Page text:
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Social Sciences

A Sociological Look at Hoarding

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Emily Parker
Photo courtesy of Emily Parker

As a sophomore, Emily Parker, BA sociology ’12, interned with a social worker in a nonprofit* that worked with elderly tenants of apartment buildings or subsidized housing in the District to help prevent eviction, mainly due to hoarding issues. “I went into all sorts of hoarders’ houses, and I felt that there was something sociological underlying these experiences,” she says. “I was seeing all of these themes emerging in the people I was working with.”

Even after her internship officially ended, Parker wanted to dig deeper, and in sociology professor Michael Bader’s Health and the City course, she was able to do just that. “I worked with him on my research, and he thought that the topic of hoarding in the elderly population, particularly in low income, urban environments, was appropriate for the Eastern Sociological Society annual conference,” says Parker. “He suggested that I submit an abstract.”

Her abstract was accepted, and at the end of February, Parker presented her poster in New York at the conference. “A lot of people were really excited about the topic and couldn’t believe when I told them that there’s never been any sociological research on it,” she says. “I just kind of stumbled upon it through this internship. It just fell into my lap.”

Her poster won the Eastern Sociological Society Undergraduate Research Award, though Parker is modest about the accolade. “I think my poster won not because I’ve learned anything more, but because I’ve found this really unique issue that’s relevant to our times, especially with increasing consumerism,” she explains. “People are having a lot of issues with how to manage their belongings.”

The study of hoarding is so new that it’s not even included as its own disorder in the diagnostic manual for psychologists yet. “This only really came forward in the 1990s,” says Parker. “My research is trying to initiate a sociological understanding of the subject.”

Part of the problem is that there’s no accepted explanation of hoarding yet. “A lot of people are compulsive buyers or savers. That’s part of it,” Parker explains. “When it becomes hoarding, in terms of the definition, there’s an important element of impairment of the ability to perform daily life activities.”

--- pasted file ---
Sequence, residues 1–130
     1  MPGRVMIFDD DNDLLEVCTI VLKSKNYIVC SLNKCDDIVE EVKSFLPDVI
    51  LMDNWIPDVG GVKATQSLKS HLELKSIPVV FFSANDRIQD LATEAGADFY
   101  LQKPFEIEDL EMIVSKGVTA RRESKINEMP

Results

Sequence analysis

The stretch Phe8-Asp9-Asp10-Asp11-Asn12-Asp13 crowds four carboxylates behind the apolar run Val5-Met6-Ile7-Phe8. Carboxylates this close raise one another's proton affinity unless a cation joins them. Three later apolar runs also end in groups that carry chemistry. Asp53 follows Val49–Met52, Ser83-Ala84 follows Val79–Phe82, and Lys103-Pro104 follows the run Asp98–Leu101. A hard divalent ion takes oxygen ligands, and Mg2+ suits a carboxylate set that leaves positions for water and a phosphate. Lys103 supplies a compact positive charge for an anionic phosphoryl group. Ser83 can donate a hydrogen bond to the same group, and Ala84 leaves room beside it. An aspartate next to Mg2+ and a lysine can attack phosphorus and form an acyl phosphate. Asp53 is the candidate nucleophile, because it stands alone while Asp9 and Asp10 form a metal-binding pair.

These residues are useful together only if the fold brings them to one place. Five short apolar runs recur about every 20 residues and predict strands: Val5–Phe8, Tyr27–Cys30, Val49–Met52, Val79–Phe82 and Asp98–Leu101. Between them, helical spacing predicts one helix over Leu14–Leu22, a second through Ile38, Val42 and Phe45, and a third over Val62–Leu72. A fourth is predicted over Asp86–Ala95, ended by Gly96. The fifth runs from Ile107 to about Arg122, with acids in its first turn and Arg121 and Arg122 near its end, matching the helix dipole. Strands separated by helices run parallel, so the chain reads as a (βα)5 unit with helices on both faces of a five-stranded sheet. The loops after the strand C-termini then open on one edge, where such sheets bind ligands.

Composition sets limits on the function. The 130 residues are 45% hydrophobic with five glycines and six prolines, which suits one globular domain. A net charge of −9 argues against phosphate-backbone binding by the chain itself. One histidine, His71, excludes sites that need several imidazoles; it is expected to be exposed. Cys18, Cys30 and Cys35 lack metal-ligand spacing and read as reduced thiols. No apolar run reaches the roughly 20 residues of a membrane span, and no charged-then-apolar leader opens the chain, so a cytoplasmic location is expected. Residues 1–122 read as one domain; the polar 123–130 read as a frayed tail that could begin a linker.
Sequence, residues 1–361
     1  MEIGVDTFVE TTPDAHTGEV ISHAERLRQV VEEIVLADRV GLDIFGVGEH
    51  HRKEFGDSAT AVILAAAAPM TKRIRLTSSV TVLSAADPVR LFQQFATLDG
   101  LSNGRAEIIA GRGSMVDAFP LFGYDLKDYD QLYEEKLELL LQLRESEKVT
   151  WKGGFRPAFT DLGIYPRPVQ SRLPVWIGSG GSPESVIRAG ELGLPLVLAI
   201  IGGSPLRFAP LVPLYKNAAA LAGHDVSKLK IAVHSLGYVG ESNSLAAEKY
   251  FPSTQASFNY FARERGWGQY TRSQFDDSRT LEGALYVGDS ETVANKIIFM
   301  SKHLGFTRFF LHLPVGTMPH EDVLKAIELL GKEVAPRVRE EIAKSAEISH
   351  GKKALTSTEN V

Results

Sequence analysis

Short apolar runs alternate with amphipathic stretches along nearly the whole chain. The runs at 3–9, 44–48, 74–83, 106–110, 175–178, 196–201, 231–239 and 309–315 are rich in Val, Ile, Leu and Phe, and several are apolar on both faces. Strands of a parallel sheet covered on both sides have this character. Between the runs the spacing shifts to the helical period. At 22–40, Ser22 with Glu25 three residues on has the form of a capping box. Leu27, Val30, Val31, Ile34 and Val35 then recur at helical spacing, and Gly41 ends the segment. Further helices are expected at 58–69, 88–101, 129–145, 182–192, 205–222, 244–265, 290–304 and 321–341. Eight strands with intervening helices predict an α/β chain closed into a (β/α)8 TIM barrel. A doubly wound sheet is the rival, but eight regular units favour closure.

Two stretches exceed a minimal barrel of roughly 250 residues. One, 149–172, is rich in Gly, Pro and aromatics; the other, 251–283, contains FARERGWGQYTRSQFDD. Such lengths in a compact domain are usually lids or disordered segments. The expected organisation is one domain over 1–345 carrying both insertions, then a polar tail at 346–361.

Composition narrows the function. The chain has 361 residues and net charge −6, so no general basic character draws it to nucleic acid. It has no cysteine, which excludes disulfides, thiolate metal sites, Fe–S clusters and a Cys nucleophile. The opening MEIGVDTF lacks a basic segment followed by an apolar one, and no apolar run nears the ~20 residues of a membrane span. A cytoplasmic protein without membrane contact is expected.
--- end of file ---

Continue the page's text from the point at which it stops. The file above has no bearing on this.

Parker wanted to frame the subject as less of an individual psychological problem and focus more on the larger societal factors that manifest themselves in individual behaviors. “These were factors like trauma in one’s life, social isolation, lack of family ties, unemployment, socioeconomic status, and especially aging and how aging in our society in particular can precipitate hoarding behavior,” she explains.

While hoarding isn’t exclusive to lower income population, it’s certainly more apparent. “It’s more obvious if you don’t have the means to store your things or pay for someone to clean up your apartment, or if you don’t have someone coming in to inspect,” says Parker. “If you own a mansion, then people probably won’t know if you hoard.”

During her internship, she particularly noticed that many of the hoarders she worked with were also veterans. “I saw a lot of post-traumatic stress disorder, and I found that to be sociologically significant in terms of how veterans are affected later on in life,” says Parker. “Oftentimes insecurity manifests itself in collecting and holding onto items and not being able to throw away because the feeling of trauma reemerges. These items help them to focus on something else.”

Though her internship is long finished, she’s still working with the nonprofit to continue her research for her senior capstone project. “For me, it’s more about understanding why these things are important to people,” she says. “It was just incredibly fascinating to me—the meanings and value they imbued onto their items.”

While Parker sees the worth of her research as contributing to the sociological community, it was more about the subjects of the study for her. “I got to learn so much about these people’s lives,” she explains. “I really care about the clients that I work with. I really wanted to give them a voice through this project.”

* Name of nonprofit withheld for confidentiality